Besides, you don't get the market economy into account - we don't get the technology we geeks think is best - average users get

        • by amn108 (1231606)

          Forgot #3:

          3. Brightness per unit of distance - TVs give out far more brightness per square meter of illuminated area than a monitor. The dimmest plasma TV rivals the brightest monitors out there, and the newest and brightest LED LCDs that are sold in droves to the consumers today will burn your eyes out were you attempt to use them as monitor :-)

  • by Tablizer (95088) on Monday January 06, 2014 @07:29PM (#45882863) Homepage Journal

    So now everyday TV watchers can experience the frequent random silly UI "upgrades" just like the rest of us. If you think losing the remote inside the couch is frustrating, imagine the buttons scrambling themselves randomly at 3am, and with "explanations" such as, "we are just gradually preparing for the future Flux Capacitor interface kit by mixing the old and new styles, whether they gel or not."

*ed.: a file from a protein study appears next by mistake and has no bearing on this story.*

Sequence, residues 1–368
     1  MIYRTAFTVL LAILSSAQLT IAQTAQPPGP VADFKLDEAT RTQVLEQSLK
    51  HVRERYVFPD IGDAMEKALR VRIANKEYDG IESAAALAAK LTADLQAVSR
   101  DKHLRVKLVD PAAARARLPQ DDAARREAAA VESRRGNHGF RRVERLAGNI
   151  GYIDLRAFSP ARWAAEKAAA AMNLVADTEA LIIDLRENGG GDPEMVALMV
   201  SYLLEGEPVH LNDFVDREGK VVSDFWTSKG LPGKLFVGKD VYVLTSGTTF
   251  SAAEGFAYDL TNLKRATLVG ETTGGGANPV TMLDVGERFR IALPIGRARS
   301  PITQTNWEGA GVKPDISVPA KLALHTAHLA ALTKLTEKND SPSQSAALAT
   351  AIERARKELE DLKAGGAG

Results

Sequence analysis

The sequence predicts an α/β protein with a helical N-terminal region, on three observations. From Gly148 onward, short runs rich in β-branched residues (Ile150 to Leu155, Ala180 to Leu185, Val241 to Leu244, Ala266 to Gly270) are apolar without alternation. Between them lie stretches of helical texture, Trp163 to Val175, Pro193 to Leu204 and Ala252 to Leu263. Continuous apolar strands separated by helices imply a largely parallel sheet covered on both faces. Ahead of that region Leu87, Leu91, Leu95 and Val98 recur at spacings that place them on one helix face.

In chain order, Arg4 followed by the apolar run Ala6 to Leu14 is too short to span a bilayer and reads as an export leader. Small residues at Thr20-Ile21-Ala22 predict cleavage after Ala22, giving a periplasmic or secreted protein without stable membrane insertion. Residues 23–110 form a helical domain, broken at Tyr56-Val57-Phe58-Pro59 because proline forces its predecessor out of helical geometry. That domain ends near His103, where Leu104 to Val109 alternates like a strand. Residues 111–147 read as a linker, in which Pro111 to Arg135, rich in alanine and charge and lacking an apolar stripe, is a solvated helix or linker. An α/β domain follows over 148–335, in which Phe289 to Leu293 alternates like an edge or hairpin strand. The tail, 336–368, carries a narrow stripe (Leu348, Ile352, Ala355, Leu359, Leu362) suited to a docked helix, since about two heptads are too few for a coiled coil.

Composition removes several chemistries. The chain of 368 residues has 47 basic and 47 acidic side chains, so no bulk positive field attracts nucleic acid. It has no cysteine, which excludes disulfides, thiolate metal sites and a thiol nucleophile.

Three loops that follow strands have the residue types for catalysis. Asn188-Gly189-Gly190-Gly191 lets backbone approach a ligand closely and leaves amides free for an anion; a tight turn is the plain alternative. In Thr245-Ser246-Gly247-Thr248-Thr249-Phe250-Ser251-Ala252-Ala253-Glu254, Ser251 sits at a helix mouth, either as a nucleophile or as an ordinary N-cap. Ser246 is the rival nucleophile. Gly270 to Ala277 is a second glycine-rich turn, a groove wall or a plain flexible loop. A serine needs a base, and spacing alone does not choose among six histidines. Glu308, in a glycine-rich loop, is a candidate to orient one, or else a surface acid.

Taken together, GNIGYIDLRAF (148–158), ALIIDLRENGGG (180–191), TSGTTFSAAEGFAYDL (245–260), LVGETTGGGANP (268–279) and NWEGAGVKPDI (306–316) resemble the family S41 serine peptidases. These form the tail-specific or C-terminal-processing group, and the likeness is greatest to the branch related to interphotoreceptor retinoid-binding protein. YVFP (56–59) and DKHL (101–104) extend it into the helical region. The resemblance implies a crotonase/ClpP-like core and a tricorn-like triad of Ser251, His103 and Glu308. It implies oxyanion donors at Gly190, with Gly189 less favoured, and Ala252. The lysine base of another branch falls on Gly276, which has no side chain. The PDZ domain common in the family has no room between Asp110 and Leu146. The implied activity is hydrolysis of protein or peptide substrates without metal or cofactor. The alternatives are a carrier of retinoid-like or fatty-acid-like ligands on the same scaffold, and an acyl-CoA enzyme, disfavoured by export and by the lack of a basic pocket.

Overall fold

• by amn108 (1231606)

      The LG TV I turned on at my parens in law's place did exactly that - a dialogue in the lower right corner of the screen telling me that it needs/will upgrade itself promptly. I don't remember what I did then, but I remember being pissed about it!

      Smart-TV concept is a ingenious strategy from TV makers to sell features to consumer when innovation doesn't sell or is lacking and when consumers are drowned in choice between TVs they can not differentiate between (except for the logo). I hate the concept, my pare